for a very high percentage of personal interaction which can be
pivotal in seeking advice, making purchases, building
relationships. Take this away, and you can be left guessing…
Large multinationals cite this cost-cutting change in customer
service as benefiting the end consumer. Banks have been in the
outsourcing their call centres to Asia and India where local
salaries are low, overheads are cheap and human resource
While it can be argued that these costs are passed on to
shareholders and customers of the bank and stimulate local
economy, it has had the rather foreseeable effect of alienating
and frustrating customers who find themselves speaking to a
remote body in all senses of the word. Unfamiliar not only with
their account and history, but also on many occasions, the very
language of communication.
Staff turnover and company restructuring may well account for
some of the fragmentation in customer service, not having the
same person twice, being passed from department to department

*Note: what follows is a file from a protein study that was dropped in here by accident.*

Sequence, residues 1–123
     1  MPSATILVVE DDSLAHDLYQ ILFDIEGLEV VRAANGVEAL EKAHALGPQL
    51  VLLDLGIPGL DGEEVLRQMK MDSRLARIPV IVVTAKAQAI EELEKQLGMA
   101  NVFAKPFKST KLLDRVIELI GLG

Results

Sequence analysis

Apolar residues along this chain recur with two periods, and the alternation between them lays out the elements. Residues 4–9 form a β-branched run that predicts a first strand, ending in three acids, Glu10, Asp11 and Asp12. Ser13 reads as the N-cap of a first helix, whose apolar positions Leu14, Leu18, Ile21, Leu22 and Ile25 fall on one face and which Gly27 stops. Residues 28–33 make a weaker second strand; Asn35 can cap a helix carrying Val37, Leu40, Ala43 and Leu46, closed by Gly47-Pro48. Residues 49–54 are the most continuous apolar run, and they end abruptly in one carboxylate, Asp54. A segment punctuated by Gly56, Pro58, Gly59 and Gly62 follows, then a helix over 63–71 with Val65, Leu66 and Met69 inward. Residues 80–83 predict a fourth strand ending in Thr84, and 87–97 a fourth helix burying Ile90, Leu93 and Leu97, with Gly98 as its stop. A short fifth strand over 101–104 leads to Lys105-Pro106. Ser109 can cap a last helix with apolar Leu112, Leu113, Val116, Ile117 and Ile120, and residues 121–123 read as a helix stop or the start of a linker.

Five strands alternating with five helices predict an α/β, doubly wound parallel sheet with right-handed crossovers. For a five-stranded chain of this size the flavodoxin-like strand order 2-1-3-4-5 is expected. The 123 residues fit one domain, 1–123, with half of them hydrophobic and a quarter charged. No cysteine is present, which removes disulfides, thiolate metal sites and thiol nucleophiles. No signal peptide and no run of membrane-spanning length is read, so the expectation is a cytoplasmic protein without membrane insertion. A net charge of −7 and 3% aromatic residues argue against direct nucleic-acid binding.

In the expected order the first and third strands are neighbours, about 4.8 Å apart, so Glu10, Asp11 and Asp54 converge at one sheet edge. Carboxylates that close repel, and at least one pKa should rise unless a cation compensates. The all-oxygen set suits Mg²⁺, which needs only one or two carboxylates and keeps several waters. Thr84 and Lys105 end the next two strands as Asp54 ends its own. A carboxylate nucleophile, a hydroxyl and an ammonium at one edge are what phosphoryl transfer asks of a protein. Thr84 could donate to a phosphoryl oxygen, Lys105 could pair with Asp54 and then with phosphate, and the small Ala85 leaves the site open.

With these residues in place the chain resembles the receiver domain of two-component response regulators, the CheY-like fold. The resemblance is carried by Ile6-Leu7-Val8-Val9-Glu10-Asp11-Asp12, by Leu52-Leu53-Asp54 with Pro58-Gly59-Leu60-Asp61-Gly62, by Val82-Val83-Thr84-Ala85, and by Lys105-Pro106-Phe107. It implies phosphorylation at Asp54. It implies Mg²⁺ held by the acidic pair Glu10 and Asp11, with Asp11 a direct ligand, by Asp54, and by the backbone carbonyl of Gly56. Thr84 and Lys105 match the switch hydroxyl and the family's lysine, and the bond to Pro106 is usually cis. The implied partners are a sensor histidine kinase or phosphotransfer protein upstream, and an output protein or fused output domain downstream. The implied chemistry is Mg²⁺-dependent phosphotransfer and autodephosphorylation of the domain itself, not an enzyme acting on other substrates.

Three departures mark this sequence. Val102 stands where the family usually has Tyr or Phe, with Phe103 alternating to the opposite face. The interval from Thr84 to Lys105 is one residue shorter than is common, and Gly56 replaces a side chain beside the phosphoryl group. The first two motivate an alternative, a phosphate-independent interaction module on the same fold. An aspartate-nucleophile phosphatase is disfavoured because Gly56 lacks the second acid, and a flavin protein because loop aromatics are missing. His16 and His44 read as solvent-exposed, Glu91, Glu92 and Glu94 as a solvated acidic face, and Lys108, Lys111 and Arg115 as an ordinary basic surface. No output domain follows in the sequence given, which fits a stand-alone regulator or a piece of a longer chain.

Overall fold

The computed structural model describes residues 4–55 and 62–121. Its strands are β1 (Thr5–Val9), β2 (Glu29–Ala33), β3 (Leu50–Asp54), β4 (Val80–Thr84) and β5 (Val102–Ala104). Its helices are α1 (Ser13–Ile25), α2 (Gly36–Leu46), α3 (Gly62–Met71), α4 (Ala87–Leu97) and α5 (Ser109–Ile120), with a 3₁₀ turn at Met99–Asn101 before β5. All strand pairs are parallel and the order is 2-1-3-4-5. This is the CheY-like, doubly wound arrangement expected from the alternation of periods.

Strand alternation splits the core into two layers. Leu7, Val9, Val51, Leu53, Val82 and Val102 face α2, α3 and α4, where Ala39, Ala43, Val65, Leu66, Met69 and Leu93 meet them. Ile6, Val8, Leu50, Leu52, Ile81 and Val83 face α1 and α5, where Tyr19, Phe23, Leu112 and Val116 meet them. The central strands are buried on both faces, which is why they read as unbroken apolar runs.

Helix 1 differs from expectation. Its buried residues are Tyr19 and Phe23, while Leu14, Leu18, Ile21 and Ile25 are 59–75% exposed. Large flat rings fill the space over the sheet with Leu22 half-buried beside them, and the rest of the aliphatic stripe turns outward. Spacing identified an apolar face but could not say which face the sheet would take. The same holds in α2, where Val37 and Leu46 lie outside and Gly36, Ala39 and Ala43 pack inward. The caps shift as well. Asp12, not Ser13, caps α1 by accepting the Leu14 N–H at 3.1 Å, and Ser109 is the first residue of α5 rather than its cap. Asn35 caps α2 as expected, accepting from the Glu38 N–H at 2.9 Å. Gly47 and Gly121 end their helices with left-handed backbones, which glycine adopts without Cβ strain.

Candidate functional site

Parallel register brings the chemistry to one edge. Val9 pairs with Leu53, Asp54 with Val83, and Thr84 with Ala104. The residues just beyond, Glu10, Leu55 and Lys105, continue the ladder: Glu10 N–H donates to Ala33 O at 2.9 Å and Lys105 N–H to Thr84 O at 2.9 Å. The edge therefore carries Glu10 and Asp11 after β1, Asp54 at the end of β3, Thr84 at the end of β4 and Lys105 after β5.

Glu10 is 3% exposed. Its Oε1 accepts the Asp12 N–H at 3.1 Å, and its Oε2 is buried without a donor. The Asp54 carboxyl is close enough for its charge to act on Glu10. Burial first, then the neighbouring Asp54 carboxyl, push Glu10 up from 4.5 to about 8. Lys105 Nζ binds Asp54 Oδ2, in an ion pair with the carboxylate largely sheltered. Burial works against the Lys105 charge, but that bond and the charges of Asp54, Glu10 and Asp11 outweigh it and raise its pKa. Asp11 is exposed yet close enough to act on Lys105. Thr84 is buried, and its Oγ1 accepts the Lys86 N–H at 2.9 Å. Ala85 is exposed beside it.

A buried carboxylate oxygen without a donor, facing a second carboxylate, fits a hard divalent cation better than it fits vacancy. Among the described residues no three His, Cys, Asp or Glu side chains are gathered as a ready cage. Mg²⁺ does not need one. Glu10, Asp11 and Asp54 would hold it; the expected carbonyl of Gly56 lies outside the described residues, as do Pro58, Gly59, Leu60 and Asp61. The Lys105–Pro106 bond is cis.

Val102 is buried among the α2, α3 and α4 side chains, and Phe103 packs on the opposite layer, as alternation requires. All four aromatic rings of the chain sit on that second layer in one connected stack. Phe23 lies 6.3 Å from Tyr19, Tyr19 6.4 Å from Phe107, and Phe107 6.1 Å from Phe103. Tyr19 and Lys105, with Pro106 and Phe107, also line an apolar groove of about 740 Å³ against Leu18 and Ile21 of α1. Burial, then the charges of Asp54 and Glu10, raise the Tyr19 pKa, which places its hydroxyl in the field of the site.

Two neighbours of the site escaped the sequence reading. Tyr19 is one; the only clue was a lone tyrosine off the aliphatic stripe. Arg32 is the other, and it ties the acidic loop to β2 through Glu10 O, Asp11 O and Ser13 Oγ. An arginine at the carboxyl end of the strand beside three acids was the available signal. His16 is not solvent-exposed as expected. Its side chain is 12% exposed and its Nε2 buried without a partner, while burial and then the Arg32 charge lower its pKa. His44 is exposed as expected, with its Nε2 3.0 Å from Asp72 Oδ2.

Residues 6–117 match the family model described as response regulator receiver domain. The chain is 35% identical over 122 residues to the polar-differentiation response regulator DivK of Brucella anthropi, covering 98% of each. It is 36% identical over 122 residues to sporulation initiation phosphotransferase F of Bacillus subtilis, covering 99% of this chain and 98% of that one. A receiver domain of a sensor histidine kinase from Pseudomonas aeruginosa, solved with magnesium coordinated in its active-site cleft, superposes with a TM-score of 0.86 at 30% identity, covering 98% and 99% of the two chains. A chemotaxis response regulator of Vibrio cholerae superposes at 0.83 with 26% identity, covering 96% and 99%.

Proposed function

etc, but isn’t it just a teeny bit unrealistic to expect that
these days? It shouldn’t matter who deals with queries – the
important element is that queries, complaints, enquiries are
dealt with a manner befitting to good customer service.
Chicken and egg scenario
Many companies launch huge advertising campaigns for new
products and services after many months of demographic research,
product testing and market analysis. But some companies focus on
the campaigns and sales figures but neglect the sales and
It’s a little like all those revision and study schedules we
drew up as kids rather than dedicate ourselves to the actual
revision, the act of revising
work. Who can plead not guilty to that? For the record, mine